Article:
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Hickman junior wins statewide piano competition for the second year in a row

Thursday, November 21, 2013 | 6:28 p.m. CST; updated 8:19 a.m. CST, Friday, November 22, 2013
Junyi Wu, 17, plays Sergei Rachmaninoff's Etude Tableau Op. 33 Number 8 at the Missouri Theatre's Piano Student Showcase on Nov. 16. Wu has been playing piano for the past 11 years. "It's something you can't really describe. It's a message you can portray when you play the piano," Wu said.

COLUMBIA — Before every performance, Junyi Wu closes his eyes and thinks about the hours of practice that led to this moment.

On Nov. 10, he trusted his preparation again as he walked to the piano and sat down to play before the judges in the Missouri Music Teachers Association's annual competition. He had selected an etude by Rachmaninoff, a sonatina by Ravel and a prelude by Kabalevsky.

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Wu, a junior at Hickman High School, executed a winning performance that night for the second year in a row. 

The annual competition is for collegiate and pre-collegiate players across the state.There were approximately 2,500 students with different musical backgrounds competing this year.

"It's not only a chance to compete but to meet many players, teachers and judges from around the state," Wu said. "Their performances and comments influence my learning in music."

The judges at the competition don't just rate players based on sound but also on their energy, control and connection to their piece. They applauded Wu for his orchestral sense of balance and texture.

"Having something to express myself with is a really interesting feeling," Wu said.  "Even playing a piece by a composer from so long ago, I feel like I can relate to them when I play their music."

Wu has been playing piano since the age of 6 and has studied under Beverly Kyriakos for the past seven years.

"When he got a grand piano four years ago, there was an incredible surge of interest," Kyriakos said.  "Since then, he has jumped light-years ahead in learning piano."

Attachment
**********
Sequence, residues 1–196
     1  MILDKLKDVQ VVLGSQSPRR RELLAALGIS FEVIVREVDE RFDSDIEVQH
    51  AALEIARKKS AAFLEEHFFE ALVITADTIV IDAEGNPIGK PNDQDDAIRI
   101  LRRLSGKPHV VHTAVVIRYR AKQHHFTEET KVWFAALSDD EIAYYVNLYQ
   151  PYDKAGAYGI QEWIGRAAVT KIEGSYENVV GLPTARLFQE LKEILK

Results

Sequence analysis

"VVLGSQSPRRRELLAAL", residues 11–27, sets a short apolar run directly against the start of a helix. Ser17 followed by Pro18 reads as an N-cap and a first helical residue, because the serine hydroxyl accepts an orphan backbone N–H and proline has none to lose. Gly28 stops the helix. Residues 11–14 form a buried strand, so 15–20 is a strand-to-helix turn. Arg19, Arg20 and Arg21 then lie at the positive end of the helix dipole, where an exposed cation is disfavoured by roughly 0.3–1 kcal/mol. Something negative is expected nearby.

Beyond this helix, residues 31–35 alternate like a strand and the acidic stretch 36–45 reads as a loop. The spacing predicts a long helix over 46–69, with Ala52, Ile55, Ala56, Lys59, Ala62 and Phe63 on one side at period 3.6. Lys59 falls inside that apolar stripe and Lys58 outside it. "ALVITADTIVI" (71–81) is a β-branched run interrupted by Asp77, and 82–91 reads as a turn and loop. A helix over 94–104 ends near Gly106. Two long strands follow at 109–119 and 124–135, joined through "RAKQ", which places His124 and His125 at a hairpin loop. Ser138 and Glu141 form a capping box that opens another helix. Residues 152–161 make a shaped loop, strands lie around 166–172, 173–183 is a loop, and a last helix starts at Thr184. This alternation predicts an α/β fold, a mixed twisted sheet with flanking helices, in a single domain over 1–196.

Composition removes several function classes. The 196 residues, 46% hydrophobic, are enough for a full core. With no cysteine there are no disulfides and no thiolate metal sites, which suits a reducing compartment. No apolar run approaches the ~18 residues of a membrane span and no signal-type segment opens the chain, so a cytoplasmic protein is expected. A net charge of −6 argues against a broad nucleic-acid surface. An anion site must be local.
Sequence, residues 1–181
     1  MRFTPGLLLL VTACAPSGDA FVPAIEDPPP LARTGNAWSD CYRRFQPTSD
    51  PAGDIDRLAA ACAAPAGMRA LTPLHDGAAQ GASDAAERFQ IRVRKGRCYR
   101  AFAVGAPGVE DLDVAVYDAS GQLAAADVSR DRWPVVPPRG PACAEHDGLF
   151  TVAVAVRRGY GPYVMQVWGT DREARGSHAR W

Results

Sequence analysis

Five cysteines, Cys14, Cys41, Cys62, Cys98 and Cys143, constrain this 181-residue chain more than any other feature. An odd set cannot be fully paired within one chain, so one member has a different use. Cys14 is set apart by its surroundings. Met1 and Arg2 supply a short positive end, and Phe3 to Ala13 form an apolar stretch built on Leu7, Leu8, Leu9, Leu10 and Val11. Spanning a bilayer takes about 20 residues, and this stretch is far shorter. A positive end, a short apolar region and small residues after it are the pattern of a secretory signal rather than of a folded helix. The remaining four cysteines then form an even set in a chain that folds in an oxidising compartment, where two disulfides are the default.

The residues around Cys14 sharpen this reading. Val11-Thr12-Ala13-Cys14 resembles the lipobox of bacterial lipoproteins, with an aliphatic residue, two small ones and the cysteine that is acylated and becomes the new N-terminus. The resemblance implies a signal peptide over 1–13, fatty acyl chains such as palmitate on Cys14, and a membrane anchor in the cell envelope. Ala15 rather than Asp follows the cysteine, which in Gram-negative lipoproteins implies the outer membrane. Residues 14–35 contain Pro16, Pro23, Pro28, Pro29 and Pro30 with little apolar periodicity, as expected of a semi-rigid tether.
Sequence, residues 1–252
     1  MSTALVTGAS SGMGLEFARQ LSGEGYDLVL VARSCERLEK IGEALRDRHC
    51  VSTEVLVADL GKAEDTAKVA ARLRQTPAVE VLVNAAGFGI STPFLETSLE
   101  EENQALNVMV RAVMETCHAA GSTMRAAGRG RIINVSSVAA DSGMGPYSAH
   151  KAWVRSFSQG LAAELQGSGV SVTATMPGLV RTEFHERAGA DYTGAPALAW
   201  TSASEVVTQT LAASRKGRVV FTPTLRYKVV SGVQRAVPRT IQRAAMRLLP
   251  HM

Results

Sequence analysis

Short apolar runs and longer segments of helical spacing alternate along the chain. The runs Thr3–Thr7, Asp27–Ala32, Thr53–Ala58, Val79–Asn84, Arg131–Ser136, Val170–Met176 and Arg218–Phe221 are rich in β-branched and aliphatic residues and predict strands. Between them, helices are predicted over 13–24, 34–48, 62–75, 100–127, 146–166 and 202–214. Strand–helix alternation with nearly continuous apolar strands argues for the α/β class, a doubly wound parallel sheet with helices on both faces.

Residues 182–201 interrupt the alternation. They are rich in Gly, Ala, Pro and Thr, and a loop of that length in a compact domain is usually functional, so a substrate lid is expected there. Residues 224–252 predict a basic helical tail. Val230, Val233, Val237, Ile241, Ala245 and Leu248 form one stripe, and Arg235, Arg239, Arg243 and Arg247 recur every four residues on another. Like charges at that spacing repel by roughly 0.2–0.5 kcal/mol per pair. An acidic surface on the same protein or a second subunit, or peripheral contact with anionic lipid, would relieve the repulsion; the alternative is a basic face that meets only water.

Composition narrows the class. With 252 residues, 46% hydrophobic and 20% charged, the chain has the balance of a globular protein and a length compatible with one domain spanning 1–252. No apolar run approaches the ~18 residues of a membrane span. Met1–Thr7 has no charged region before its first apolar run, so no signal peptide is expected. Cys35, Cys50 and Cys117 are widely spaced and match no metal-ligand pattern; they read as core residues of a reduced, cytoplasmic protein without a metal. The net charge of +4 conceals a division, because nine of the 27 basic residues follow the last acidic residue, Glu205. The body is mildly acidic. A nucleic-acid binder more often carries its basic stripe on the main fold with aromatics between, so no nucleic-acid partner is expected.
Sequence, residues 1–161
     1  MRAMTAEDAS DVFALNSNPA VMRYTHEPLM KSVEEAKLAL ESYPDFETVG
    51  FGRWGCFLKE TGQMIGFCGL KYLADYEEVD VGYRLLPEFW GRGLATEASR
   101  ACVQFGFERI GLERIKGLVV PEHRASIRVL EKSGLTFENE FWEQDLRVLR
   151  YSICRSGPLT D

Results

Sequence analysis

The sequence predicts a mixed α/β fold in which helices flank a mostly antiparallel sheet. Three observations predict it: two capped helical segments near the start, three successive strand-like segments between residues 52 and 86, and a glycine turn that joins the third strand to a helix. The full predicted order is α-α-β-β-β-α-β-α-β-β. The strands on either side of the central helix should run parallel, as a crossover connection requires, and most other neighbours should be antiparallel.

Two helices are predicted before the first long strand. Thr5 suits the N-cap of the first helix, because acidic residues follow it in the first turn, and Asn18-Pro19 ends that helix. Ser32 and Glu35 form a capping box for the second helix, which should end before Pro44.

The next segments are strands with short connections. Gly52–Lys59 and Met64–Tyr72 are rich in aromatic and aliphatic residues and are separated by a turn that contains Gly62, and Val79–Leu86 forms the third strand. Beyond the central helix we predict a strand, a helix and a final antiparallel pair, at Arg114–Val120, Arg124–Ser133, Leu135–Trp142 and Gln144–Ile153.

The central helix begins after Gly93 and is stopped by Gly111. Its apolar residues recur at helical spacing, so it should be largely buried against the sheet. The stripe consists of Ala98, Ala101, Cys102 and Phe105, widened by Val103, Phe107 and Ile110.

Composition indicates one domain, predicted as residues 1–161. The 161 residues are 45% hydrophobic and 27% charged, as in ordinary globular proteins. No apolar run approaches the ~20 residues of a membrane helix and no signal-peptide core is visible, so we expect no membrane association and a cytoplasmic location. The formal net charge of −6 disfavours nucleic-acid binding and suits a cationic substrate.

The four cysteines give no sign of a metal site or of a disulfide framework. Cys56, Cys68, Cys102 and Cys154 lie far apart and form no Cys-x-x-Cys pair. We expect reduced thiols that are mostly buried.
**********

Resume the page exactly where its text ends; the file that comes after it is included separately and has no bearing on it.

Wu said he focuses a lot more on the fundamentals than he did when he first began piano lessons. He also does considerable background research on his pieces to understand the compositions.

"He has so much patience and passion for his music," Yan Yang, Wu's mother, said.  "I tell him to take breaks, but he always pushes through until he's done with the song."

Kyriakos privately teaches 17 students in Columbia and tries to select compositions that best fit their personality.

"You have to please them to a certain degree and give them music they can connect to," Kyriakos said. "Sometimes it comes down to the judges and what they prefer."

Wu is also actively involved as a trombonist in the Hickman band, in the American Red Cross club and a number of other school organizations.

He is not rushing to pick a university but said he plans to continue his fervor for piano during his college career by getting involved with music organizations at the school of his choice.

"It's an indescribable feeling knowing that what you play can have an impact on someone who is listening," Wu said.  "I'm creating this music with my bare hands and people listening can be passionate with it also."

Supervising editor is Jeanne Abbott.


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